Judge Jim Thomas laments that the filmmakers didn't get the Village People to do the soundtrack. That would have been awesome.
Some films should just be left in the closet.
Joanna Trollope's 1989 novel A Village Affair, a tale of an unhappy housewife who finds love in the arms of another woman. The novel was well received for its strong characterizations, and in 1995, the movie was filmed by British television. Acorn Media now brings A Village Affair to DVD. The facts will show, however, that the filmed version trims away the character development so that the result is a soapy mess.
Facts of the Case
Artist Alice Martin (Sophie Ward, Young Sherlock Holmes) married lawyer Martin Jordan (Nathaniel Parker, Stardust) to escape from her parents' turmoil-filled house. Now, about ten years later, she has it all. The couple, with their three children, has moved into a lovely house in Martin's home village of Pitcombe, a cozy, friendly village. But Alice's life remains curiously empty. A lingering bout of postpartum depression has taken much of the joy from her life; she cannot paint anymore, and her relationship with Martin has become stale.
Enter Clodagh (pronounced Cloe'duh) Unwin (Kerry Fox, The Gathering), the daughter of the local squire. Clodagh's direct manner catches Martin's eye, and before long she is stopping by the Jordan's house, offering to help with the kids. Alice sees immediately that Martin is smitten with Clodagh, and she initially spurns Clodagh's offer of friendship. Over time, though, the two develop a warm, supporting friendship; Alice even starts painting again. However, while Alice had accepted that Clodagh might be interested her husband, she hasn't considered that Clodagh might be interested in her. The women's relationship causes ripples in the way that is only possible in small, sleepy little towns, and eventually Alice will have to make a decision.
The movie is adapted from Joanna Trollope's 1989 novel. Based on the reviews of the book, one of the strengths of that novel appears to be characterization, particularly of all of the supporting characters. That's certainly not a strength that survived the translation to film. Alice is really the only fully realized character; everyone else is more or less a stock character elevated by strong acting. Clodagh in particular is annoyingly unfathomable; is she honestly in love with Alice, or is there some odd Single White Female by way of Fatal Attraction vibe at work? The movie never quite makes up its mind. Initially, she's incredibly pushy and manipulative, but she's quite sympathetic afterwards. Right in the middle is the most troubling scene of all—right after Clodagh has told Alice of her feelings, as she listens to Alice's stumbling expression of her own feelings, Clodagh slowly moves behind Alice, watching intently, looking like nothing other than a predator circling its prey. It's an unnerving shot frankly, made more disturbing because it doesn't quite match up with anything else the character does. It's hard to fault Kerry Fox too much—the script doesn't really give her anything resembling a character arc. Come to think of it, that same problem afflicts just about everyone else in the film not named Alice.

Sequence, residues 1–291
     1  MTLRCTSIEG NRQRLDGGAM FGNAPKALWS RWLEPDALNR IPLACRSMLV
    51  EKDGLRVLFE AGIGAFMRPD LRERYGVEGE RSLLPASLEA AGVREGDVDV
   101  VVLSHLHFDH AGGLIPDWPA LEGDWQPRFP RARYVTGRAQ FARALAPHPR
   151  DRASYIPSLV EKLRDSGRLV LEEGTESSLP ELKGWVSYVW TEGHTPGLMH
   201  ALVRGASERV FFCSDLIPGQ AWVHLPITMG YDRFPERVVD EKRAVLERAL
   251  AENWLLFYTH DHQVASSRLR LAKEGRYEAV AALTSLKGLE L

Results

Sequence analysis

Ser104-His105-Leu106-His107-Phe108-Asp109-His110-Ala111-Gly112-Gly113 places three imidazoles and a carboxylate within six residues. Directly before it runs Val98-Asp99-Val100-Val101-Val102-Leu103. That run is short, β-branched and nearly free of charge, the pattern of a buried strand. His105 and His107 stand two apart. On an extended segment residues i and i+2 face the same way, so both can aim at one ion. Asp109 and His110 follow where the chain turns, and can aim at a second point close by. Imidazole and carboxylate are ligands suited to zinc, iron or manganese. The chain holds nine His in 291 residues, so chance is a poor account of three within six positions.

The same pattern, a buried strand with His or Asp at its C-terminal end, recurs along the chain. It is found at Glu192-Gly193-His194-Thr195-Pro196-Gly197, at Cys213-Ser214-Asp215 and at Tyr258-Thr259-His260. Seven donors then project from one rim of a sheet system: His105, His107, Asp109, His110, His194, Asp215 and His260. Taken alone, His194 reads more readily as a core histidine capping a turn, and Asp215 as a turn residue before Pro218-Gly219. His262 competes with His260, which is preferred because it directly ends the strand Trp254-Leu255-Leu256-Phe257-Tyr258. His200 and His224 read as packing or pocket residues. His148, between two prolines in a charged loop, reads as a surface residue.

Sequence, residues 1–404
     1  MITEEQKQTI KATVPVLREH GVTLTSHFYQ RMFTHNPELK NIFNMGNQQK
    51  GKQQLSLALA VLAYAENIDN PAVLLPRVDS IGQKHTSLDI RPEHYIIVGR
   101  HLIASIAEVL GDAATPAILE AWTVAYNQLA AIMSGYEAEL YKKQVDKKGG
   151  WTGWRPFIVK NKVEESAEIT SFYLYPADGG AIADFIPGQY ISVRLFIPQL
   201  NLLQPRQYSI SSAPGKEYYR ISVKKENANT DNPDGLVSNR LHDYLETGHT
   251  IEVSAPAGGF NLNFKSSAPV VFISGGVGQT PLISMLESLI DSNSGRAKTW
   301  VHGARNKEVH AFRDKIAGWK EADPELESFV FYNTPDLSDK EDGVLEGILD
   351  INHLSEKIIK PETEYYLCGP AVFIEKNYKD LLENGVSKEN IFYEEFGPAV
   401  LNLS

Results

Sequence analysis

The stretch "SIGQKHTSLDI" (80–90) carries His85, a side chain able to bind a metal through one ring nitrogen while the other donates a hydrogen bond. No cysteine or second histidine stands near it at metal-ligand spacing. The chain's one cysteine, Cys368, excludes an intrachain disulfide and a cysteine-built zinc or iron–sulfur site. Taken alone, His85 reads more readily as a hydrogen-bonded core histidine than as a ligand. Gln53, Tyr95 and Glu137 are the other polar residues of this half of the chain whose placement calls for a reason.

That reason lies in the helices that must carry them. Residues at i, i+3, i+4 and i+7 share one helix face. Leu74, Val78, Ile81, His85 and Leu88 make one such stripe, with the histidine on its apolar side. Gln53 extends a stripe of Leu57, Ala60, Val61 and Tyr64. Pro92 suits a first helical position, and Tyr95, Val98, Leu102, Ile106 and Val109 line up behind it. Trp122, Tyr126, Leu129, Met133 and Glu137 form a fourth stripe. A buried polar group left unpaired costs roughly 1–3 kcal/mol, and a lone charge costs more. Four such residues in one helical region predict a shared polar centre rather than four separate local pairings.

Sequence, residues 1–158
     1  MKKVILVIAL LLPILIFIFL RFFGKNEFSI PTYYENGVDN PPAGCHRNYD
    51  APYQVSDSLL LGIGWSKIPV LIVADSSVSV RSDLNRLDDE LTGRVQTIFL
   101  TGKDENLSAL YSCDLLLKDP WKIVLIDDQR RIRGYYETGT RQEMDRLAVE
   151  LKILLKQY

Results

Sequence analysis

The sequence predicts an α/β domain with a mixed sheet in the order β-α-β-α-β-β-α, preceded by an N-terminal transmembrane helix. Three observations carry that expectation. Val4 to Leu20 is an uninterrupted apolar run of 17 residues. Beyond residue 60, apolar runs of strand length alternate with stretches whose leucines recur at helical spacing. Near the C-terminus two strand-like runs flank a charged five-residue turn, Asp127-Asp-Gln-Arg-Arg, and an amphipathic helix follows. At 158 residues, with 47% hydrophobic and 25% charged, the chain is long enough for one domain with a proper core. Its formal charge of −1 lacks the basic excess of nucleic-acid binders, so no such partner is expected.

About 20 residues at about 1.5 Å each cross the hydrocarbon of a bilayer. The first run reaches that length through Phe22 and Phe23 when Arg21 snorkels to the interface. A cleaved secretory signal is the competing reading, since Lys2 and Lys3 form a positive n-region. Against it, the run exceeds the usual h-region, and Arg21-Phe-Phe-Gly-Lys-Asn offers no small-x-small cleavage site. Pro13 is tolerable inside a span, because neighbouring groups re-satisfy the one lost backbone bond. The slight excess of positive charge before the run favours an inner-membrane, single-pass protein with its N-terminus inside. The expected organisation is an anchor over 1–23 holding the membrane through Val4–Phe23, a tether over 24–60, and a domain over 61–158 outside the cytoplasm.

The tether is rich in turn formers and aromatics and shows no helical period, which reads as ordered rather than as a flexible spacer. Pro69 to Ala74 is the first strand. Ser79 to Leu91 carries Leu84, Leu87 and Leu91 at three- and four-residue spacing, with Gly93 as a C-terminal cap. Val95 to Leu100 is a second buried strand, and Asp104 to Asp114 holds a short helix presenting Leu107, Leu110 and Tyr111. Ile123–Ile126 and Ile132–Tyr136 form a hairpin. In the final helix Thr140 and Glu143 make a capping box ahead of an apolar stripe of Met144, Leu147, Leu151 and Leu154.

The ending is incredibly rushed, with people making big decisions and changing their attitudes for no other reason than to move the plot forward. Several individual scenes ring true, we just can't see how everyone gets from point A to point D, and that's a particular problem in what purports to be a character-driven piece. We don't even get a clear indication of the passage of time in the latter part of the film. The movie clocks in at a brisk 100 minutes; only 10 to 15 more minutes would have allowed for much needed plot and character development.
Trivia: Sophie Ward came out of the closet a year after this film was released, stating that while the movie did help her clarify her feelings, she waited a year to prevent people from concluding that making the film somehow "turned" her. Also, Keira Knightly (Atonement), in one of her first roles, plays Alice's oldest daughter Natasha, but she has little to do.
Technically, the disc is kind of…there. The picture is fairly sharp, but lighter colors are a little washed out, obscuring facial details—it's particularly noticeable with the fair-skinned Ward. There's one serious hiccup in the film, but it's fairly early. The simple stereo track is hiss-free, but whispered dialogue is difficult to understand. The only extras are cast filmographies and a bio of author Joanna Trollope.
The Rebuttal Witnesses
Acting really is the movie's strength. Sophie Ward anchors the whole movie—we see the emptiness in her eyes in the beginning, and go from their through joy, despair, and hope. The supporting players are good with the little they are given, particularly Claire Bloom (Crimes and Misdemeanors) as Martin's overbearing mother Cecily. Towards the end of the movie, there's an amazing scene between Cecily and her husband Richard (Philip Voss, Four Weddings and a Funeral) that leaves you wanting more.
The name of the film is A Village Affair. If the film had remained true to that title and fully developed the village and its inhabitants, this story could have reached its full potential. Instead, despite Sophie Ward's best efforts, a promising story quickly degenerates into a tawdry potboiler.
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Scales of Justice
Studio: Acorn Media
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